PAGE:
Pacific Media Expo. My journey starts off with finding a parking space. PMX is held at the Hilton hotel near Los Angeles International Airport, so any parking you find is at a premium price. I wound up paying 20 dollars at the structure next to the hotel for one day, if that’s saying anything. I was only able to go for one day, so this review might not be the longest.
This was my first time going to PMX, and my initial thought when I went in was “Where do I pick up my badge?” I wandered around the first floor looking for signs. I couldn’t find any, so I asked a staff member where registration was. He wasn’t exactly sure, but said I should go upstairs to look. Alas, upstairs was where all the signs were. Shortly after asking another couple of staff members, I found the press room. The regular badge pick up was on one end of the hotel, I assume to combat lines. I’m not sure what the lines were like on the first day, as I only went on Saturday, but there didn’t seem like very many people at the convention anyway. An interesting thing they had though was people walking around with boards that had schedules on the front and back socializing with random con-goers.
|I tried to get a shot of the billboard people but I was playing Smash at the time.|
The layout of the convention and planning was fantastic. Board and video games were in the basement in a wide area perfect for games. There were a few locations to do private photoshoots, though there weren’t sets like at Anime Expo. The Dealer’s Hall and Artist Alley were packed and full of vendors selling their goods. The Artist Alley was full of amazing art, various plushes and pins, but the area itself was kind of cramped. One thing PMX could do next year is move it to a larger room so people can walk without hitting each other. On the contrary, Dealer’s Hall had a bunch of space, and had a wide path for people to walk. It had the right amount of stalls for the size of the room.
|The convention took advantage of the Hilton's built in systems.|
|Badly lit shot of the photoshoot area.|
By the time I was done exploring, there were no panels I was interested in attending, but it was lunch time. On the first floor there was a door leading out to food trucks, with the line inside so people could be in the air conditioning. I thought that was very considerate planning, because you also didn’t have to go outside to see how long the line was. I wound up going to Carl’s Jr. down the street because the line for the food trucks was kind of long.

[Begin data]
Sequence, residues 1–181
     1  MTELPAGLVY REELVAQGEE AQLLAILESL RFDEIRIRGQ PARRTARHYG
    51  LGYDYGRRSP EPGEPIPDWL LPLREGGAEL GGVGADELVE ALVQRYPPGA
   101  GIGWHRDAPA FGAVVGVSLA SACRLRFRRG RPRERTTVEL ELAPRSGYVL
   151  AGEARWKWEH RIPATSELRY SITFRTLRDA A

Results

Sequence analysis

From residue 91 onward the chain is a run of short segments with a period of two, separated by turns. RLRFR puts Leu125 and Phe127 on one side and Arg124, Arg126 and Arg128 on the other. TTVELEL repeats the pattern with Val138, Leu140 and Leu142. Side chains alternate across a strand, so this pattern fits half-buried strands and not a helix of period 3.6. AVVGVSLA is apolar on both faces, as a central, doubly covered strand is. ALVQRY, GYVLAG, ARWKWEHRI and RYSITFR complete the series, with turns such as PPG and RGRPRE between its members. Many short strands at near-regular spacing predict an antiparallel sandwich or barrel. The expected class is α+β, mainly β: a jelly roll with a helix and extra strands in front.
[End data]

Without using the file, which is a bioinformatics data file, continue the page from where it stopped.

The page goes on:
|These really cool Assassins were roaming around.|
When I got back to the convention I wound up borrowing my friend’s 3DS and played the new Smash Bros game with a few other con goers. The game had just come out, and if you enjoyed Brawl, I would highly recommend playing the new one (granted you have the consoles).
I wound up helping my friend with his photoshoot. Remarkably, in my 6 years of cosplaying I have never actually been part of a photoshoot. We wound up driving down to the Disney Concert Hall to shoot Nonon Jakuzure from Kill la Kill. Appropriate, right? I wasn’t sure we were allowed to be there, but as long as we didn’t get kicked out, who cares right? A security guard actually came up to us and informed us we couldn’t use reflectors, but we were welcome to continue shooting. Fair enough, I was happy we weren’t kicked out. There was someone shooting some sort of family gathering that we all awkwardly stood near as they were clearing out. Turns out when you’re dressed in cosplay and there’s a formal concert going on, people tend to stare. Even though I wasn’t the subject of the photoshoot, I thought it was a great first experience.
|For more photos, click here.|
Overall I thought PMX was okay. PMX had some good aspects that other conventions could learn, such as having people walk around with a board saying the schedule on it, but it could use a lot more organization layout wise. Personally I’m starting to get a little con-weary, and I’m starting to believe it’s because cosplay and conventions is becoming more popular. I’m not trying to sound like a hipster, but when it starts to become too mainstream you lose out on quality, and you get quantity.